LPG or LNG engine on a tug boat - will it work?

Discussion in 'Inboards' started by yodani, Nov 10, 2014.

  1. yodani
    Joined: Nov 2010
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    yodani Senior Member

    Hi all,

    I am still contemplating about my repowering I have to undertake for my fleet and just the other day I was looking at a Cummins LNG /LPG powered bus so It got me wondering - did anyone try to put an engine like that in a boat?

    - what would be the disadvantages besides the lack of refueling stations by the water?
    - is there any advantage to using gas?
    - will it be cheaper to run than a modern diesel?

    I have read a few papers about ferries being fitted with LNG engines but we are talking huge boats, I am asking here about the 50-300hp range of engines.

    Here in Romania one liter of Diesel is - 1.36 EURO and LPG is 0.66 EUR/liter. The stuff I read about the LPG running cars is that the consumption is about 30-40% more than a diesel. Would this be the same for a boat?

    My tugs behave more or less like a ferry and they do usually 21 to 34 hours before returning to harbor. I think it would be ok if the LPG gas on board would give me an autonomy of 50-60 hours. Today for a round trip we use aprox 500 liters of diesel at 21-24 l/h consumption. A modern diesel would bring that at about 16 liters/h so about 336 - 400 liters/trip.

    If I mount a few LPG tanks I would need about 50% more plus reserve - say - 1000 liters of gas on board. The existing diesel holding tanks are 2000 liters. Would this be possible?

    Are there any regulations that would forbid this kind of implementation? I know there are outboards and generators running on LNG or LPG.

    The refueling I can do by installing my own holding tank at the marina and buying in bulk so it will be cheaper still.

    The engines can be sourced from - Cummins for the tugs and from Kubota dual fuel for the smaller boats needing 50-60 hp engines.

    Any thoughts?

    Cheers,

    Daniel
     
  2. yodani
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    yodani Senior Member

  3. rasorinc
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    rasorinc Senior Member

    Lpg/lng

    LP is a byproduct of refining NG and does not need super high pressure to store so fuel tanks are lighter and smaller. NG requires great pressure's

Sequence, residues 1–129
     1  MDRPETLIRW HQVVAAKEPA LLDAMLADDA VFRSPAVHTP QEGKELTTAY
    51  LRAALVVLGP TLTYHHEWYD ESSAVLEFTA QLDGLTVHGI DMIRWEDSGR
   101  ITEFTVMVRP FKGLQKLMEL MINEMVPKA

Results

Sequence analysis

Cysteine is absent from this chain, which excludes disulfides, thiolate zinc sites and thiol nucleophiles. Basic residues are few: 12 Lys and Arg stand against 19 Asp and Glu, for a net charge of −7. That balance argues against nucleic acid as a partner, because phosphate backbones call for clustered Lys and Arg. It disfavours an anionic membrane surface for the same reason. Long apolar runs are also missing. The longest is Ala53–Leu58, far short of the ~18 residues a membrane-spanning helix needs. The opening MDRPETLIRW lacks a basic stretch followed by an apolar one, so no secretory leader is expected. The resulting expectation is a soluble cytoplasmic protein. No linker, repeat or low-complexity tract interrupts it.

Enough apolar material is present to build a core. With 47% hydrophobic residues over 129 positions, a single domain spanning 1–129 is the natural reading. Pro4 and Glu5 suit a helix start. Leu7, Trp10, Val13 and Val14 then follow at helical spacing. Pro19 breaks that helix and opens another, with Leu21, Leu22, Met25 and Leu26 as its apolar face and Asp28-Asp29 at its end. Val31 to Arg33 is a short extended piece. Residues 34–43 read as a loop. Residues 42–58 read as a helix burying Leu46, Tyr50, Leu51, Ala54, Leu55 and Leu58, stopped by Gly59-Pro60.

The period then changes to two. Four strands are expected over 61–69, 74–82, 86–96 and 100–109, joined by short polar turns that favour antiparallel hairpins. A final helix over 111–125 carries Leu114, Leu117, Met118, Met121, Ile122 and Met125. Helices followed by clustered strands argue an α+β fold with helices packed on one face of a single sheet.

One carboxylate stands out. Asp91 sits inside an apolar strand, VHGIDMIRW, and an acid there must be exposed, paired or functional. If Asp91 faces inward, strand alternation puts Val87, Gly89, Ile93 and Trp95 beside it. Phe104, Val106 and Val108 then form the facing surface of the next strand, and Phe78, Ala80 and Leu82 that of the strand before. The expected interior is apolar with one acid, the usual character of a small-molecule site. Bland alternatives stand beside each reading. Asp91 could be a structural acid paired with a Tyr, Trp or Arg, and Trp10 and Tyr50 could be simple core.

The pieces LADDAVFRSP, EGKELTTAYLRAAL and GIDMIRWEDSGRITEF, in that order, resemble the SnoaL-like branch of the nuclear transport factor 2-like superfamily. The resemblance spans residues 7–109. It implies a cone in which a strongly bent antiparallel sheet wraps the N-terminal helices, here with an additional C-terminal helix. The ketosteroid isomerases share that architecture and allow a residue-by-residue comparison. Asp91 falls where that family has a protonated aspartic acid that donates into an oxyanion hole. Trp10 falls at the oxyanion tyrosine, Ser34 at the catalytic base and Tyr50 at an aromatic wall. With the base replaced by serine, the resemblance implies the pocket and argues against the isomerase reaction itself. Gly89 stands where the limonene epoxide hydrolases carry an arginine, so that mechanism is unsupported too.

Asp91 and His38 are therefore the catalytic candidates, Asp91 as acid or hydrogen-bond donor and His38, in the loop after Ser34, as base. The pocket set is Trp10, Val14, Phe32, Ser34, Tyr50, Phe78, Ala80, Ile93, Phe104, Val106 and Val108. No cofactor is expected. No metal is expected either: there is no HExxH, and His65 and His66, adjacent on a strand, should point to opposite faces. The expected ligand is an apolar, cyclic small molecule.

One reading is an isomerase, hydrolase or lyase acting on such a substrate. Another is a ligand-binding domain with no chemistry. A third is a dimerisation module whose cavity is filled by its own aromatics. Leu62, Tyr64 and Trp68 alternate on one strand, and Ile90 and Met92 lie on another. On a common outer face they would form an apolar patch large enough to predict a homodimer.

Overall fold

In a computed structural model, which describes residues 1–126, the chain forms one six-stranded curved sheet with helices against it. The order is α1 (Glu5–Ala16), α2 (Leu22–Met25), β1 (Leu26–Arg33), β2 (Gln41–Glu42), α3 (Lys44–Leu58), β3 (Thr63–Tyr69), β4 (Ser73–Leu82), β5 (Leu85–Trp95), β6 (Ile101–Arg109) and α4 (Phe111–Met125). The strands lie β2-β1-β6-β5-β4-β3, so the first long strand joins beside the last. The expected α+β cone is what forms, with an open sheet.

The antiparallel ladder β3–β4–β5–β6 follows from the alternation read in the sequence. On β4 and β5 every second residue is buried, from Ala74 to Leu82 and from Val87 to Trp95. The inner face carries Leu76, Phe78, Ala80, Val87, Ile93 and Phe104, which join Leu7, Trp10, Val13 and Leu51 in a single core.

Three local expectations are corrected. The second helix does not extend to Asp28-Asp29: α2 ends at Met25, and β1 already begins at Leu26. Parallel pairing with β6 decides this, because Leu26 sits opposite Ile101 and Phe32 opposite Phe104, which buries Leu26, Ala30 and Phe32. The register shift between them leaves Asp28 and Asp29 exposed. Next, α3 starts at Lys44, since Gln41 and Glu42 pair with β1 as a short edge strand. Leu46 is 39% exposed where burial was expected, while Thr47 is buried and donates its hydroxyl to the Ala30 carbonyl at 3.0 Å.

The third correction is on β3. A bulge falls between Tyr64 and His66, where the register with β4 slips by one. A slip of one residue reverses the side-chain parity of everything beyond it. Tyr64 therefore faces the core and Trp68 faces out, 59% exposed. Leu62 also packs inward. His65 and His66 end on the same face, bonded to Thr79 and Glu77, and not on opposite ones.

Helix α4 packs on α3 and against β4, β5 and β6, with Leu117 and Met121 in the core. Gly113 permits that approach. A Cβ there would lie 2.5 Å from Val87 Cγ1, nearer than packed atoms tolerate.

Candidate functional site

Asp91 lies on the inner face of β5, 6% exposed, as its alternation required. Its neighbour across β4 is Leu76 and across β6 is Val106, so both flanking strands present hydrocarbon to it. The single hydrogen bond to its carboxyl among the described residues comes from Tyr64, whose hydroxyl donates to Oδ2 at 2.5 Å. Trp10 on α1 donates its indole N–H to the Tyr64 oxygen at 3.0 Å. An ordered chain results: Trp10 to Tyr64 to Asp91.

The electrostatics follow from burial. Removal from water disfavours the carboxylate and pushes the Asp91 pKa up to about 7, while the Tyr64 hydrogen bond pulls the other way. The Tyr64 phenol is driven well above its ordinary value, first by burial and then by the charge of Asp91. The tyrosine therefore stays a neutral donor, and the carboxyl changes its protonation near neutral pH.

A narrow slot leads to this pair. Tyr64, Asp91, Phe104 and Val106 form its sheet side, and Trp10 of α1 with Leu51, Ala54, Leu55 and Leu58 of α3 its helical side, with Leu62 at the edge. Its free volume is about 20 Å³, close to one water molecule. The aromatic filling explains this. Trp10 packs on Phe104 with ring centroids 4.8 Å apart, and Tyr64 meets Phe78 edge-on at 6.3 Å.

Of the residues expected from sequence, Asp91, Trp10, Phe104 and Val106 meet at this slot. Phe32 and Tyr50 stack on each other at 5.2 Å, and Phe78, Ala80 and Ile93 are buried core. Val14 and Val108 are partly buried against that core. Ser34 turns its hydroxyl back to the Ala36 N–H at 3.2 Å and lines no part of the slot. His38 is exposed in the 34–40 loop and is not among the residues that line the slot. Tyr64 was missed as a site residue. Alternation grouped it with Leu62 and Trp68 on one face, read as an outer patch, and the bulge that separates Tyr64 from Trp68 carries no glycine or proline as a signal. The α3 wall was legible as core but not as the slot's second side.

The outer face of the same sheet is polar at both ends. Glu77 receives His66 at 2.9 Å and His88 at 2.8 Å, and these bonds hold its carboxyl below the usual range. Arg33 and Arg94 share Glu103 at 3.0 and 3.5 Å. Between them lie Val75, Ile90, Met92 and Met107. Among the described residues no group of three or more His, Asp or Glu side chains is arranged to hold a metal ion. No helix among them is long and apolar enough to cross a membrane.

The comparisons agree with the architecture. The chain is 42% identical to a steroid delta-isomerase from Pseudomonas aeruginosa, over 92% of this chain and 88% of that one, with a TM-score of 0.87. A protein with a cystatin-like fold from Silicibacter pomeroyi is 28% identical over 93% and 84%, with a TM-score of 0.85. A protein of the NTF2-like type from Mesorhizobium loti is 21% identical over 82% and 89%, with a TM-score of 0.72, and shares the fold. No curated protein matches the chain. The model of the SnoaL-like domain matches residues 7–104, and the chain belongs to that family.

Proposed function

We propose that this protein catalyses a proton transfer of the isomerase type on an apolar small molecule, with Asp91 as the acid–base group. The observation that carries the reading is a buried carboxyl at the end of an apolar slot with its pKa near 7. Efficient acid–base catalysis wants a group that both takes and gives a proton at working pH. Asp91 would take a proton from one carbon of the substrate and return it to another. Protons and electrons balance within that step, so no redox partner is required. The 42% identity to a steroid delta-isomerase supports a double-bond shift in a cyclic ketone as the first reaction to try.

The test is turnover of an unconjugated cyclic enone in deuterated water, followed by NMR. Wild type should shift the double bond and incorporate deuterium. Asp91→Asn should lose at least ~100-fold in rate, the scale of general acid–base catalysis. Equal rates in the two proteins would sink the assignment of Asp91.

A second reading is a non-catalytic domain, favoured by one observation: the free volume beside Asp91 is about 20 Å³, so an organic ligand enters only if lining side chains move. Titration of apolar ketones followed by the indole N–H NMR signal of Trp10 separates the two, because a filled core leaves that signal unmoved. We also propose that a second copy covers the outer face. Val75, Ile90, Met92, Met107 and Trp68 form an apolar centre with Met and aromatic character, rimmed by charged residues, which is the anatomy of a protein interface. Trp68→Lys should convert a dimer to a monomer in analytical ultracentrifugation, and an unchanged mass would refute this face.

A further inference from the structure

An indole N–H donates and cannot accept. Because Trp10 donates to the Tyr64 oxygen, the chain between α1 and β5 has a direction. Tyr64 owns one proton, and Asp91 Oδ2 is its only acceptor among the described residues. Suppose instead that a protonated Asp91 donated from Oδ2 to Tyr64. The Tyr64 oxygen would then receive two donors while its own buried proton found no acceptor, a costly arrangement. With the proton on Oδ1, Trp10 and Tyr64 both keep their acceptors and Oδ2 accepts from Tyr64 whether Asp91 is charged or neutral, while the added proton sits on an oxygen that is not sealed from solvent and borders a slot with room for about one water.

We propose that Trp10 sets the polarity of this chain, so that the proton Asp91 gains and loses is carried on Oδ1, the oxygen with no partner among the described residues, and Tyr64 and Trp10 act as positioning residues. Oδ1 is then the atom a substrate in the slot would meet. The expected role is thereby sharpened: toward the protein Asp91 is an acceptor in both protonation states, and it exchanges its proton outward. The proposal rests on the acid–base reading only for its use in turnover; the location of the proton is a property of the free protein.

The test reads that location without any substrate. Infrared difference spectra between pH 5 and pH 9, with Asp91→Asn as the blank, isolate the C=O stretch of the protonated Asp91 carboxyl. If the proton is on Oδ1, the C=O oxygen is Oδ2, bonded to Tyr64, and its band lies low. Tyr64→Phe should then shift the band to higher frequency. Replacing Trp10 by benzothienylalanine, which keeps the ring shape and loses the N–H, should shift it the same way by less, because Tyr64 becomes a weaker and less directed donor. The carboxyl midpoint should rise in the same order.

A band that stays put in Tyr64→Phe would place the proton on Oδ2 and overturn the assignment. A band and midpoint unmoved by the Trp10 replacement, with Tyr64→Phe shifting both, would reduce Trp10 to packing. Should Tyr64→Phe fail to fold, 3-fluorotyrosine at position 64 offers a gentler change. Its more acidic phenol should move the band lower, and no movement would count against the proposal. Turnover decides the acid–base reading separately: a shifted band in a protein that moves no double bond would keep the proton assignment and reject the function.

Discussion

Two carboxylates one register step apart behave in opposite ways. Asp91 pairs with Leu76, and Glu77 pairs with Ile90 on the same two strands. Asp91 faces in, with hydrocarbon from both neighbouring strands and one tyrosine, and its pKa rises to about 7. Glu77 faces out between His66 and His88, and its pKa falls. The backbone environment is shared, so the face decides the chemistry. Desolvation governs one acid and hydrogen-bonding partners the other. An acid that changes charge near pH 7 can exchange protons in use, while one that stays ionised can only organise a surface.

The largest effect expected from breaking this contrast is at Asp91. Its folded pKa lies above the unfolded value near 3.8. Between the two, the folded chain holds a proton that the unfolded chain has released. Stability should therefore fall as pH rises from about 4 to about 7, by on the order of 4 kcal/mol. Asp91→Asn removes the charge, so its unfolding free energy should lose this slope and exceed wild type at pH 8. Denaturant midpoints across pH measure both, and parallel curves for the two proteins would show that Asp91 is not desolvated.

to store so thick steel, heavy, tanks are required. LP IS HEAVY AND FLOWS DOWNWARD. NG is light and flows upward.
     
  4. yodani
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    yodani Senior Member

  5. rasorinc
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    rasorinc Senior Member

    Check your tank requirements for the amount of fuel in gallons you need to store aboard your vessel. Tank requirements can weigh many thousands of
    of pounds which may require more thought. I ruled it out based on tank weight
    for my boat. Also, these tanks take up lots of space and must be well anchored.
    A loose tank can sink your boat.
     
  6. rasorinc
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    rasorinc Senior Member

    You might check the status of Adsorbed Natural Gas where they store it in a medium such as corn cobs or charcoal and it does not require the high pressure to store.They were testing this in some buses about 4 years ago.
     
  7. gonzo
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    gonzo Senior Member

    The electrical system may not be spark-proof, which can cause an explosion. Cars and trucks have open engine compartments, unlike boats.
     
  8. waikikin
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    waikikin Senior Member

    Thier was on Sydney Harbour maybe 15 years ago some water taxis that ran on lpg, they were a cat with engine over the tunnel so fume/gas could vent, drives were hydrolic, they didn't continue with the service for some reason.

    Jeff.
     
  9. yodani
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    yodani Senior Member

    I think the problem of space is not an issue as the boats are just tugs and are made of iron. The existing tanks are heavy too i would say 1000kg. The tanks used on buses are made of aluminium and are positioned on the roof giving them a range of up to 500km. They can't be too heavy because the bus would tip over.... The users are advising for composite material tanks as they last 20 years.